June 9, 2017

Who's hit by Medicaid cuts? 41% of Palm Beach Co. children, study says [Palm Beach Post]

This post was last updated on September 10, 2021. As new policies are announced, FPI will update this page.

As Florida’s response to COVID-19 takes front and center, concern grows for low-income families who struggle to take precautions against the spread of the virus. Although Congress has passed the Families First Coronavirus Response Act to address, at least in part,  the public health crisis and economic fallout from COVID-19, many barriers continue to keep struggling families from accessing the assistance they need during the pandemic. As Florida initiates policies implementing the Act and addressing other barriers to the safety net, FPI will update this form. When available, hyperlinks are provided to agency documents or statements that provide greater detail  about the new policy.
On March 22, 2020, FPI and 44 other organizations sent a letter to Governor DeSantis, leadership in the Legislature and agency heads to urge action on 47 specific policy changes to reduce unnecessary barriers for Florida’s safety net programs in response to the COVID-19 pandemic. See the letter here.

Charles Elmore of the Palm Beach Post writes:

“As Florida legislators voted to reduce Medicaid spending by $521 million Friday, a new report shed light on who is affected by budget battles in Tallahassee and Washington: Medicaid covers 41 percent of Palm Beach County children, or more than 116,000.

That’s up from about 76,000, or 27 percent of the county’s children, six years earlier, according to researchpresented by Georgetown University, the University of North Carolina and the Florida Policy Institute [emphasis added].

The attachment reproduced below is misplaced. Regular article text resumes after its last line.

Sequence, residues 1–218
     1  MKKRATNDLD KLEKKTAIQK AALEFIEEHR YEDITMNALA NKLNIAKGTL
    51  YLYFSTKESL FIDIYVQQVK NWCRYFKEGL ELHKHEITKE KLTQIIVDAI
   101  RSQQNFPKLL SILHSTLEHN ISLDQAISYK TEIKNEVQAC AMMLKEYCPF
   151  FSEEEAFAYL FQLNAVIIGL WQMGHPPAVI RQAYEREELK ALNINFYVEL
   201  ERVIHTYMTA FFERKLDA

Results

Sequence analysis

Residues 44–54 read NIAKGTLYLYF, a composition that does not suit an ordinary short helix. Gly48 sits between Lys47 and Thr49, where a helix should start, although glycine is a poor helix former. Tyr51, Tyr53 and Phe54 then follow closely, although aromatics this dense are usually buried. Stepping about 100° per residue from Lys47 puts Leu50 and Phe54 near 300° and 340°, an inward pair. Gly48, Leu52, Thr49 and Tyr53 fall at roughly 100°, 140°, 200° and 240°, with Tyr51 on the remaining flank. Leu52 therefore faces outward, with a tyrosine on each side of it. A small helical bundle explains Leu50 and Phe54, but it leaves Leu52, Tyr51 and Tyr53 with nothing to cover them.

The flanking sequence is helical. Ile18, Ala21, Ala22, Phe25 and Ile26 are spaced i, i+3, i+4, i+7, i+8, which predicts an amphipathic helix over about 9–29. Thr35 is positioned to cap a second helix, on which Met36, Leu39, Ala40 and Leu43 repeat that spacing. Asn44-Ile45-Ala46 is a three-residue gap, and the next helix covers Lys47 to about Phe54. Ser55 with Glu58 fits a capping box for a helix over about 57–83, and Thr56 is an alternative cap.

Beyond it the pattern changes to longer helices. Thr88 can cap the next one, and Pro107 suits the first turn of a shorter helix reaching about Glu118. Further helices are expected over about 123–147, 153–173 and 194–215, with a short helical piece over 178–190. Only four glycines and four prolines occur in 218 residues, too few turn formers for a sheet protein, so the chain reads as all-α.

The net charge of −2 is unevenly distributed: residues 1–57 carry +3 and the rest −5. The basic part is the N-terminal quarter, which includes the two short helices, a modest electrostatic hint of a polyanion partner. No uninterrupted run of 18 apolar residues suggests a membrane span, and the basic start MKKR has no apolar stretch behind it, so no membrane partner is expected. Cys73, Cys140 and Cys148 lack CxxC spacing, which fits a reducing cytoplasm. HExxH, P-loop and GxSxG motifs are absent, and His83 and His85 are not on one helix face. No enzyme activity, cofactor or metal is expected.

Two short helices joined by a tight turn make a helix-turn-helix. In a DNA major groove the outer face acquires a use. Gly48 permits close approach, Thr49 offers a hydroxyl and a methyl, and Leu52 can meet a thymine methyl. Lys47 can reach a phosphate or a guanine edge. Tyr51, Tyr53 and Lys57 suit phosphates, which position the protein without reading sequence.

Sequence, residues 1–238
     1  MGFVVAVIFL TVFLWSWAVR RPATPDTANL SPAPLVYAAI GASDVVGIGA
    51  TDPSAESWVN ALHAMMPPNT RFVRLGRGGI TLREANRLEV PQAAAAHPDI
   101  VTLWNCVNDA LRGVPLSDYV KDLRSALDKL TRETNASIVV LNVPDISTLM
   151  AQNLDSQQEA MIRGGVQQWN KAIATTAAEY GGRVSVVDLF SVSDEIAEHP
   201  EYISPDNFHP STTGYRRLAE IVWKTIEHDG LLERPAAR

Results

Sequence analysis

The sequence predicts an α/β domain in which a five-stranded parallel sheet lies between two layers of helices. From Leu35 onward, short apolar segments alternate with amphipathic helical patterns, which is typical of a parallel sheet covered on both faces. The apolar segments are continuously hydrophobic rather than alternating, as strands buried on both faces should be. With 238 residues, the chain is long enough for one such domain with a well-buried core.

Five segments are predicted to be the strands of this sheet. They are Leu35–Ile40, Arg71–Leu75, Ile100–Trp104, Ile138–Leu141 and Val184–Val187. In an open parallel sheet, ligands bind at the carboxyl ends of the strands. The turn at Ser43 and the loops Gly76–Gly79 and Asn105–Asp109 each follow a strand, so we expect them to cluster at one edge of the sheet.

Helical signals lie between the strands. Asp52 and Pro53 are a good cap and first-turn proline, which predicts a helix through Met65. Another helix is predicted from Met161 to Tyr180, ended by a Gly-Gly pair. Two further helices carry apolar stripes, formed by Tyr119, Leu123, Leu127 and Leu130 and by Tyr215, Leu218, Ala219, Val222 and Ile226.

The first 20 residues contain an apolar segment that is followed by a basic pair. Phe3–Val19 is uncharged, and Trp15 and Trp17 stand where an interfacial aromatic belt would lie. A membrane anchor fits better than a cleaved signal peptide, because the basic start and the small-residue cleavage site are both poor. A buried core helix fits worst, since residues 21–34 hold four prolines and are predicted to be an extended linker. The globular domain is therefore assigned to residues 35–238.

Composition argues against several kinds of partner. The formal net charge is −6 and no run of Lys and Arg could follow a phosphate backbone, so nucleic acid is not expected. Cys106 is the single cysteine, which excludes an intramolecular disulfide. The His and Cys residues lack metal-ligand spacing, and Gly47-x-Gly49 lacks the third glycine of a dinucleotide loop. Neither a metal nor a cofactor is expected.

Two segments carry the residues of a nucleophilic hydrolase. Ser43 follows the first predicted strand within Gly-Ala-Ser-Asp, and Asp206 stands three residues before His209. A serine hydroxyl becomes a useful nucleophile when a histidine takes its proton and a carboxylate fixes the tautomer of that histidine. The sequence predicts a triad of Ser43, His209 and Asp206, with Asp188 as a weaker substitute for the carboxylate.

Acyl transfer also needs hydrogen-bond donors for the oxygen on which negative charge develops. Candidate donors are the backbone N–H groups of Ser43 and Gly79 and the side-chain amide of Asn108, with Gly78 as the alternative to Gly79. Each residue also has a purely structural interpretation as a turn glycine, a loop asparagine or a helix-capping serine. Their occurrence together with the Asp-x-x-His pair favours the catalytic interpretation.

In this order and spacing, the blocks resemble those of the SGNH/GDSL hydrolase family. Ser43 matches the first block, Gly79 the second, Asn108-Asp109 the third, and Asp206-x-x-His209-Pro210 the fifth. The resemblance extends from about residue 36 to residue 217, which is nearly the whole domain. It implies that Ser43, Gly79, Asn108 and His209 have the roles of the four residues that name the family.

Since 2008-09, the number of children lacking insurance in Palm Beach County was cut almost in half to 24,480 by 2014-15, researchers said.

Medicaid covers an even bigger share of children in rural counties, including 64 percent in Okeechobee County.

‘Cutting funding to Medicaid and changing its financing structure into a per capita cap or block grant would hit children the hardest, damaging their overall well-being and future quality of life as adults,’ said Joseph F. Pennisi, executive director of the Lake Mary-based Florida Policy Institute [emphasis added]. It calls itself a ‘common sense’ think tank promoting general prosperity.

Overall, 57 percent of children in Florida’s small towns and rural areas receive Medicaid coverage and 44 percent do so in urban areas, researchers estimated.

‘When Florida children and families have health insurance coverage, the whole state benefits,’ Pennisi said. ‘Providing greater access to care can equate to fewer visits to emergency rooms, less uncompensated care and more people getting—and staying—healthy.'”


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